(b) The results of the audit are public. The commissioner of administration shall review the results of the audit. If the commissioner determines that there is a pattern of substantial noncompliance with this section by the law enforcement agency, the agency must immediately suspend operation of all automated license plate reader devices until the commissioner has authorized the agency to reinstate their use. An order of suspension under this paragraph may be issued by the commissioner, upon review of the results of the audit, review of the applicable provisions of this chapter, and after providing the agency a reasonable opportunity to respond to the audit's findings.
(c) A report summarizing the results of each audit must be provided to the commissioner of administration, to the chair and ranking minority members of the committees of the house of representatives and the senate with jurisdiction over data practices and public safety issues, and to the Legislative Commission on Data Practices and Personal Data Privacy no later than 30 days following completion of the audit.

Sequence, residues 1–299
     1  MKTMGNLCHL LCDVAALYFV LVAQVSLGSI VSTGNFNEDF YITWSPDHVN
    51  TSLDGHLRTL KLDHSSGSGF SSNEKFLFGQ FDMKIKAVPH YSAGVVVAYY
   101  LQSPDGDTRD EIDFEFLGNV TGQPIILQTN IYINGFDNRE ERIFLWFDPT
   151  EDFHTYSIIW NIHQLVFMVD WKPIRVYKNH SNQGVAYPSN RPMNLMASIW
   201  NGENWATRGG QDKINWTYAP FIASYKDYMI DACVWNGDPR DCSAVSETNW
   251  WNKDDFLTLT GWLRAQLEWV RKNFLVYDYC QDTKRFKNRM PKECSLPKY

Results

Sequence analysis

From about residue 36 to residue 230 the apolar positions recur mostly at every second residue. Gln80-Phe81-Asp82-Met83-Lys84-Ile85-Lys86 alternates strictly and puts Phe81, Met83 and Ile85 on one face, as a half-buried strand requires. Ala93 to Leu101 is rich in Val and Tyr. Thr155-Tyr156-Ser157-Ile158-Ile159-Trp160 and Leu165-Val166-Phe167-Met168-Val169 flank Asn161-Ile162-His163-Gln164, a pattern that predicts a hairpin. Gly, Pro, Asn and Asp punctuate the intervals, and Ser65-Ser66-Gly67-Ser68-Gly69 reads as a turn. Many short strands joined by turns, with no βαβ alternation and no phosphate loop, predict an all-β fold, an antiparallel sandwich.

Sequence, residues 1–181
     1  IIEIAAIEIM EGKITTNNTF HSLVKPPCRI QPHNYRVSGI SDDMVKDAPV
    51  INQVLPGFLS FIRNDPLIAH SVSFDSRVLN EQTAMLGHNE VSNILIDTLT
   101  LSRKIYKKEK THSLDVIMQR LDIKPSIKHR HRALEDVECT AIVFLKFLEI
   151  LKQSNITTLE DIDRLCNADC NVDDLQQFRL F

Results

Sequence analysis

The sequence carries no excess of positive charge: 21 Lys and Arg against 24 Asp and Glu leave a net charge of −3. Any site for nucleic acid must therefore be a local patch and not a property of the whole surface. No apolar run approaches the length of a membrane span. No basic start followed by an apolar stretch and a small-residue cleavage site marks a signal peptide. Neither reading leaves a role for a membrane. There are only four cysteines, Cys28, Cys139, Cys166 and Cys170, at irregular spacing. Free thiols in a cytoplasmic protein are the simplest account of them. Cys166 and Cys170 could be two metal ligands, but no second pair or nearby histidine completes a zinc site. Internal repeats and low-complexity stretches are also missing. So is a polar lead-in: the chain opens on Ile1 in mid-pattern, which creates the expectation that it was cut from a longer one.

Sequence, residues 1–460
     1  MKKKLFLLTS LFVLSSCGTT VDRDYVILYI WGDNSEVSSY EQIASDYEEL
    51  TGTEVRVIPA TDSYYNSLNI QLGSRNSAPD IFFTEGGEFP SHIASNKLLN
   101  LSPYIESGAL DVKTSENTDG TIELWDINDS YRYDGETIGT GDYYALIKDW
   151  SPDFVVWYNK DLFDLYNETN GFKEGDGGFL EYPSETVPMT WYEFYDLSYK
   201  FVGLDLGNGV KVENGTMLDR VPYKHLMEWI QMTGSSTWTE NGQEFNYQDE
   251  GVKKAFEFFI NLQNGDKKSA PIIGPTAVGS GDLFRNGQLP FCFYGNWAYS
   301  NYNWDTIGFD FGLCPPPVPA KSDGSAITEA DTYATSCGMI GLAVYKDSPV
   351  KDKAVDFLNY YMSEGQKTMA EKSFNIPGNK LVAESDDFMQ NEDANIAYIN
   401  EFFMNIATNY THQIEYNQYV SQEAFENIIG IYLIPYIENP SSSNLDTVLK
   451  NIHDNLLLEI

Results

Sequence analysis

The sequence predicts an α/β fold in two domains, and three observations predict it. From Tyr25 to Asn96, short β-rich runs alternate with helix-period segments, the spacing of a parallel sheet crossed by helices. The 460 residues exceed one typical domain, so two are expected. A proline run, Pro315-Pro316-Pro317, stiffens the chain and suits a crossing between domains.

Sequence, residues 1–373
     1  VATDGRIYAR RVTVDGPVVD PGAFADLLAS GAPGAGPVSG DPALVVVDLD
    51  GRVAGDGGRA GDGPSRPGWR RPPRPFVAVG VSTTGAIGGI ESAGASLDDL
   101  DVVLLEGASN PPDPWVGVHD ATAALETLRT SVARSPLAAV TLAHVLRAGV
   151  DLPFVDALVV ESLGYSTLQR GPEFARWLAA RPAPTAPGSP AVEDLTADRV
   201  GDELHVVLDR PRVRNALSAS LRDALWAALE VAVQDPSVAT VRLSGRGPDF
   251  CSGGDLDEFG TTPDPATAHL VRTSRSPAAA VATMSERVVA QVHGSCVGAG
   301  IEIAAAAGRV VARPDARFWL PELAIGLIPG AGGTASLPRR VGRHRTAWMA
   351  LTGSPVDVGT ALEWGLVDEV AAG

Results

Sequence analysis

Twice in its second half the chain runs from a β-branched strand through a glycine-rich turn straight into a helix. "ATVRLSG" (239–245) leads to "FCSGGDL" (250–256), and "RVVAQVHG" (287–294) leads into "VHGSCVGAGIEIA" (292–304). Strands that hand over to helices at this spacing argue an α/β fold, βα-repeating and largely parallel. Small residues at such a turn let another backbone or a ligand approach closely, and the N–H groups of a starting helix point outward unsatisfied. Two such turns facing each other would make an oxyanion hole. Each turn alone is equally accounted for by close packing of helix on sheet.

(b) The responsible authority for a law enforcement agency must establish written procedures to ensure that law enforcement personnel have access to the data only if authorized in writing by the chief of police, sheriff, or head of the law enforcement agency, or their designee, to obtain access to data collected by an automated license plate reader for a legitimate, specified, and documented law enforcement purpose. Consistent with the requirements of paragraph (c), each access must be based on a reasonable suspicion that the data are pertinent to an active criminal investigation and must include a record of the factual basis for the access and any associated case number, complaint, or incident that is the basis for the access.